Frequently Asked Questions
- What if I don't take English 101 during my first year? (before 45 credits?)
- Isn't English 101 just a grammar class?
- I already know how to write. Why do I need to take English 101?
- I took AP English in high school. Why should I have to take English 101?
- Will English 101 teach me everything I need to know for writing in my other classes?
- Are all English 101 sections the same?
- Is English 101 the same at all schools? Can I meet this requirement elsewhere?
- What is English 100?
- Do you offer English 101 on-line or through extended education?
- What if I don't pass English 101 with a C-?
- Who teaches English 101?
- Help! All the English 101 sections are full. Can I get an override?
- What writing courses could I take to help me continue to build on the ideas and practice I gained in English 101?
What if I don't take English 101 during my first year (before 45 credits?)
Students should try to complete English 101 during their first year (before completing 45 credits). Because English 101 serves as a prerequisite for some majors or upper division courses, students may have difficulty completing required course sequences when they do not complete the requirement as advised. Students who are unable to complete English 101 before accumulating 45 credits should register for the course during the first available quarter they can. If you do not complete your English 101 requirement during your freshman year, however, it can become increasingly difficult to register for the course as priority is given to first year students. Students who wait to take English 101after completing 45 credits may also experience scheduling conflicts or delays as they attempt to accommodate English 101 into an increasingly specific or precise course schedule in their majors.Back to top
Isn't English 101 just a grammar class?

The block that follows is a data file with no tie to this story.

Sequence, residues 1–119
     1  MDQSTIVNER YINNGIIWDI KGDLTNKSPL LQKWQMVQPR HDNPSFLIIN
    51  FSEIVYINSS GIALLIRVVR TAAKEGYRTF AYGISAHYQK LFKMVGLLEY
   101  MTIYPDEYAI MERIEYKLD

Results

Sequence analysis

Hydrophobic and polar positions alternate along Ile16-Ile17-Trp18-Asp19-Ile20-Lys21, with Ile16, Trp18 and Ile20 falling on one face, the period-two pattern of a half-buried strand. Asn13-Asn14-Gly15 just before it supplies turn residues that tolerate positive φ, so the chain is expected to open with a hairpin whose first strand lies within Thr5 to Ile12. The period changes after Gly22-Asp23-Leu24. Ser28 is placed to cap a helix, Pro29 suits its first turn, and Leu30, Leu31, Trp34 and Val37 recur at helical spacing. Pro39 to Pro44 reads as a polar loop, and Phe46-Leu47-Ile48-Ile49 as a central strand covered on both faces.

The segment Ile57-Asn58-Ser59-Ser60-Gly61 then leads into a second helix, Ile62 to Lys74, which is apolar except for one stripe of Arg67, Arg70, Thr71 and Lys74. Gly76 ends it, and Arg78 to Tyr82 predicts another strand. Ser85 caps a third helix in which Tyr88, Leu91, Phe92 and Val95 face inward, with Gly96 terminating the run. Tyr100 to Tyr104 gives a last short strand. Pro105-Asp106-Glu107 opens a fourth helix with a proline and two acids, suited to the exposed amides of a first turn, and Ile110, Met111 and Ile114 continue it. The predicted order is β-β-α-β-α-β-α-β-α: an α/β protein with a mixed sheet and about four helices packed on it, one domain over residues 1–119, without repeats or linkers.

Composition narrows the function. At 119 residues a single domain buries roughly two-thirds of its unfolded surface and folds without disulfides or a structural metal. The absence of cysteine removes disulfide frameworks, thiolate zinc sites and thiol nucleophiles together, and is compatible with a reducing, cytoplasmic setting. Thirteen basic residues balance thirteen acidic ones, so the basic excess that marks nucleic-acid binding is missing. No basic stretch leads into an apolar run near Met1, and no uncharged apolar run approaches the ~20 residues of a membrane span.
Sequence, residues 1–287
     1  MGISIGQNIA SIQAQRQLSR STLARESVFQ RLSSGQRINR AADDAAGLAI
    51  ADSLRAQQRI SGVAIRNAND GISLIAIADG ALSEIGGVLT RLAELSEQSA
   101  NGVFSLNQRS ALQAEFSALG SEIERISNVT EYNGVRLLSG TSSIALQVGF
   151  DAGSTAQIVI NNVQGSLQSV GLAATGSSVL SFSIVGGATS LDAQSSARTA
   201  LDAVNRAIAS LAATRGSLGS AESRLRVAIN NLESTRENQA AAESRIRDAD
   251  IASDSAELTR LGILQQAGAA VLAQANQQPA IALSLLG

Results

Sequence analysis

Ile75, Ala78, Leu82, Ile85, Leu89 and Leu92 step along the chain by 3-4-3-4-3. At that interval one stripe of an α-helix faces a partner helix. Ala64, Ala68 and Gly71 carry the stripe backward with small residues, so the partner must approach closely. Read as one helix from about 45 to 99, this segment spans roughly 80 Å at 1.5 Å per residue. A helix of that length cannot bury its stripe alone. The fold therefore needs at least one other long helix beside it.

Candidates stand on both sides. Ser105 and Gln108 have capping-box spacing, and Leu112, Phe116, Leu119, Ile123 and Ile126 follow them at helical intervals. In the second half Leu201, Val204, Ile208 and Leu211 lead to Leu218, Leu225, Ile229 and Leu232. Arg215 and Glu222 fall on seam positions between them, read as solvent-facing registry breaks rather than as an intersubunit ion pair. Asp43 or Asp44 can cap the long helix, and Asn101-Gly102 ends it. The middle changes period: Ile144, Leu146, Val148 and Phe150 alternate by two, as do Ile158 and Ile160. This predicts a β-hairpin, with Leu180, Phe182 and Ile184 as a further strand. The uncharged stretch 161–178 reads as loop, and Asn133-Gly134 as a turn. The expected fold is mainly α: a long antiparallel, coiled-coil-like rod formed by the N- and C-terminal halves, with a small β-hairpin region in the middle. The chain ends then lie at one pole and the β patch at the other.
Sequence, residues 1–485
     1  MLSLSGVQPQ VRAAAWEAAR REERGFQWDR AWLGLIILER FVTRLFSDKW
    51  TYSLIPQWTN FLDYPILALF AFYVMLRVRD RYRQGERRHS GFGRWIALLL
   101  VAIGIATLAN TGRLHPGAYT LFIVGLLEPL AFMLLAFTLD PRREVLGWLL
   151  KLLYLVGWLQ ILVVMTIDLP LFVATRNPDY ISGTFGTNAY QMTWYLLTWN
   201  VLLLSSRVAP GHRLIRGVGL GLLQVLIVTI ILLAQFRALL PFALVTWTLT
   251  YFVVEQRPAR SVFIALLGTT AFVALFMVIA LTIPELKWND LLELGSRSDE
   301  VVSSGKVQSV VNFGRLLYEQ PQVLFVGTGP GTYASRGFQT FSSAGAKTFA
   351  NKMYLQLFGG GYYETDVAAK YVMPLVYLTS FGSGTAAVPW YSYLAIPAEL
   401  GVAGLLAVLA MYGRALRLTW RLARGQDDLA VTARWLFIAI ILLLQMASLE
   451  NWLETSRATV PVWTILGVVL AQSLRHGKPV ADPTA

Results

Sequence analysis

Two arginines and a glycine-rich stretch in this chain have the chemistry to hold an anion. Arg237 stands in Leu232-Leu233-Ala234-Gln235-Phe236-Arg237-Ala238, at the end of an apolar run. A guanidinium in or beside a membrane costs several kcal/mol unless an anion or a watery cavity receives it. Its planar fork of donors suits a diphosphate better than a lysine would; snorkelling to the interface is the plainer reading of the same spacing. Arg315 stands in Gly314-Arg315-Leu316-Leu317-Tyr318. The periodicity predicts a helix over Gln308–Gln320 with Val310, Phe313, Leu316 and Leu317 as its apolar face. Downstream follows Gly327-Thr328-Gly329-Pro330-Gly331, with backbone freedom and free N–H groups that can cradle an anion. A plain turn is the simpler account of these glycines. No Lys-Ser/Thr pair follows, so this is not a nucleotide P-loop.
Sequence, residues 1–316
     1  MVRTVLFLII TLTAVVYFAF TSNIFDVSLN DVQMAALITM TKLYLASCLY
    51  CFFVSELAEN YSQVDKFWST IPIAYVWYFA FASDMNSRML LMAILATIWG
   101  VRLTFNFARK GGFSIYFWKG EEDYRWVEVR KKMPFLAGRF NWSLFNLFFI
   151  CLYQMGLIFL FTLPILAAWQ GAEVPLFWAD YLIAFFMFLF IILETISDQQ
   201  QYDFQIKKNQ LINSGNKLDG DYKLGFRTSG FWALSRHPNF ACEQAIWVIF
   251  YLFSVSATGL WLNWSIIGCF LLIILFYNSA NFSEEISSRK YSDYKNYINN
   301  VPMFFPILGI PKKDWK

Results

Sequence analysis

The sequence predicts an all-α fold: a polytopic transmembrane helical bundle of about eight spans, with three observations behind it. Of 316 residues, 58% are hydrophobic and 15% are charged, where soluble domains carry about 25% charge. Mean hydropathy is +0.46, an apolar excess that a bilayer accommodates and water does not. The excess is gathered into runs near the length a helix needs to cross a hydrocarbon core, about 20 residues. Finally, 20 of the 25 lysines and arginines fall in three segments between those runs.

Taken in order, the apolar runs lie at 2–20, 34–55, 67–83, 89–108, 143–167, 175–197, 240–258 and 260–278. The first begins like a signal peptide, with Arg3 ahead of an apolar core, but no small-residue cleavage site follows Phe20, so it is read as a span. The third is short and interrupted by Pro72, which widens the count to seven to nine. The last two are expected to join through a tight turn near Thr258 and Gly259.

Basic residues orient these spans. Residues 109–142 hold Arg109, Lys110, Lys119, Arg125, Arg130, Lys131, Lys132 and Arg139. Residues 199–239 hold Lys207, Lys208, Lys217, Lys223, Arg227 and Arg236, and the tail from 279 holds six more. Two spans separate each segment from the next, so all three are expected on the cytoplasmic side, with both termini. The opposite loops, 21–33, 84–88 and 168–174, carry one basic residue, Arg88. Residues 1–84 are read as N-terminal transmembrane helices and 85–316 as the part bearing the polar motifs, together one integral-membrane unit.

English 101 focuses on the intellectual work of writing and reading; it is not a "grammar" course, as the term is commonly used. The course does provide instruction and practice in important academic conventions, such as citation practices. It also introduces you to more advanced forms of organization and style, and it will suggest some provide some useful strategies for editing and refining your work.Back to top
I already know how to write. Why do I need to take English 101?
Writing is not something we learn once and for all. As writers, we are always developing and expanding our abilities to write for different purposes, audiences, and contexts. High School writing classes are not intended to replace college writing classes, but to prepare students for further learning. English 101 is required—not because students don't know how to write already—but because there is much more to learn about writing in a university community. Furthermore, because of the individual attention students receive, Western's English 101 course is able to help all students increase their knowledge and proficiency, no matter what their prior experience with writing is.Back to top
I took AP English in high school.Why should I have to take English 101?
AP stands for Advanced Placement, not Advanced Exemption. The goal of the English Advanced Placement and other college prep courses in high school is to prepare students for further study in literature. Students receive college credit for passing a standardized, multiple choice or timed writing test that assesses their literary and language knowledge. However, English 101, Writing and Critical Inquiry, is not a course about literature and does not share the goals and objectives of a high school AP or college prep class. Nor does English 101 focus on the skills needed to write to a time limit. English 101 is a university writing course designed to offer students instruction and practice in the kind of close reading of texts, analytical writing, and critical habits of mind that will be required of them in their academic, as well as professional and personal lives. For a description of the course, see About English 101 on this web site. Currently, however, the University allows students to waive their English 101 requirement, if they receive a 4 or 5 on the English Literature or Language Advanced Placement test, or if they score higher than 710 on the SAT or 28 on the ACT test.Back to top
Will English 101 teach me everything I need to know for writing in my other classes?
English 101 can't teach you everything you need to know about writing in ten weeks. No writing class can. English 101 serves as an introduction to the intellectual enterprise of the university. The assumption is that you will continue to develop your reading and writing abilities once you leave English 101. Nor can English 101 teach you all the specific conventions of reading and writing used in different disciplines. We do, however, alert students to the fact that different conventions, rules, rituals, and routines--exist in different disciplinary communities.Back to top
Are all English 101 sections the same?